One of my Algebra 2 classes didn’t meet yesterday, and I had to fight with myself to give them the same lesson as the others had, remembering that time spent creating classroom culture and norms reaps dividends all term long. In the other two sections of Algebra 2, however, I borrowed Sara Vanderwerf’s Top 10 Things About Your Calculator lesson, my only regret being that I could have used another 30 minutes in the period to review both the TI-84 and Desmos portions of the worksheet. We probably ran out of time because we began the period by talking about mindset and self-advocacy, but again, this was time well spent. I won’t elaborate on all the misconceptions that this activity uncovered (and hopefully straightened out), or the high level of engagement and cooperation I witnessed. I had that delicious sense of ‘boredom’ (not) that a teacher may get when their students are doing all the work, and helping each other, and all they have to do is eavesdrop. We probably ran out of time because we began the period by talking about mindset and self-advocacy, but again, this was time well spent. I have to reiterate my total gratitude and admiration of Sara’s generous sharing of her well-developed and on-target intentional planning.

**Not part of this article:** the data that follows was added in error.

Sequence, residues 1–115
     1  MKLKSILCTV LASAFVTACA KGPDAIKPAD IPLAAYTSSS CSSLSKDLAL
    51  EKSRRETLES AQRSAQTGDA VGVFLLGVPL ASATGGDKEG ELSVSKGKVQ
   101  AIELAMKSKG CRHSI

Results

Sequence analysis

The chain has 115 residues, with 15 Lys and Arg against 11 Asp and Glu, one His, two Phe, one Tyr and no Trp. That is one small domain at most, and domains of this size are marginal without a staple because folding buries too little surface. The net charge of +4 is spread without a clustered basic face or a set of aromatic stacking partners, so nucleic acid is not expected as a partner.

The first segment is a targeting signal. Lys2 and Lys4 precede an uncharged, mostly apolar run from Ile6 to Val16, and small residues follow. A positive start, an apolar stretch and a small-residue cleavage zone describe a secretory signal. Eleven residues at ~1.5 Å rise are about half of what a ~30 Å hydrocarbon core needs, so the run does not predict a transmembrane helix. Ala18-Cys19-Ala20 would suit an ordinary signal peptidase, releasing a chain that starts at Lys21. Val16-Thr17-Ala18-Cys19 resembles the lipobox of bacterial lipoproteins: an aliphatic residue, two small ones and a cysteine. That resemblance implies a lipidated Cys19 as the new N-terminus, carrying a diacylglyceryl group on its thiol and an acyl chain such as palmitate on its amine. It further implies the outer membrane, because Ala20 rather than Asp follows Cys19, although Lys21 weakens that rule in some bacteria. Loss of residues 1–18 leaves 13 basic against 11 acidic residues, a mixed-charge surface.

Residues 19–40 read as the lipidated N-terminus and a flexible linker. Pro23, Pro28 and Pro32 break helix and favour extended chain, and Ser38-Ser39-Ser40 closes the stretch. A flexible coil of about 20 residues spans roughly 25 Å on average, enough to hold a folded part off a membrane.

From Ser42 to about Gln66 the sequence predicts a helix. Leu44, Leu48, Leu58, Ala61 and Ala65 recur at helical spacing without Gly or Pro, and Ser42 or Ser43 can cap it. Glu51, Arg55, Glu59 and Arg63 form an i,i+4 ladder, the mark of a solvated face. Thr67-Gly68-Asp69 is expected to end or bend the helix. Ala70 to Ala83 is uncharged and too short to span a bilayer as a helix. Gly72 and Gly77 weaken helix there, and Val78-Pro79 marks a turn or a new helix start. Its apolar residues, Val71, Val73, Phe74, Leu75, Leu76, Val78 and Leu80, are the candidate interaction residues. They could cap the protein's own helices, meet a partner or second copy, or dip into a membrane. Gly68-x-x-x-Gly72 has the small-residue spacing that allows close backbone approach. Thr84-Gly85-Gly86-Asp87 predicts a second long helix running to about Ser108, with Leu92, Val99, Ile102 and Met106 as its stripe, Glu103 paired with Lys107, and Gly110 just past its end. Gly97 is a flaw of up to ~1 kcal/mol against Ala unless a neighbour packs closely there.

In my Discrete Math classes, we made the name tents we didn’t have time for yesterday, and did the wonderful 100 Number activity. The kids, who were wilting, brightened up
considerably during this activity, and were energized enough to begin to engage in our first Number Talk (and by our, I mean me!) I was very anxious about introducing a number talk with this class, but in the few minutes we had to begin (I ran out of time), the students began to share the different patterns they saw in the dot card I provided. I can’t wait to try it again, with an appropriate amount of time.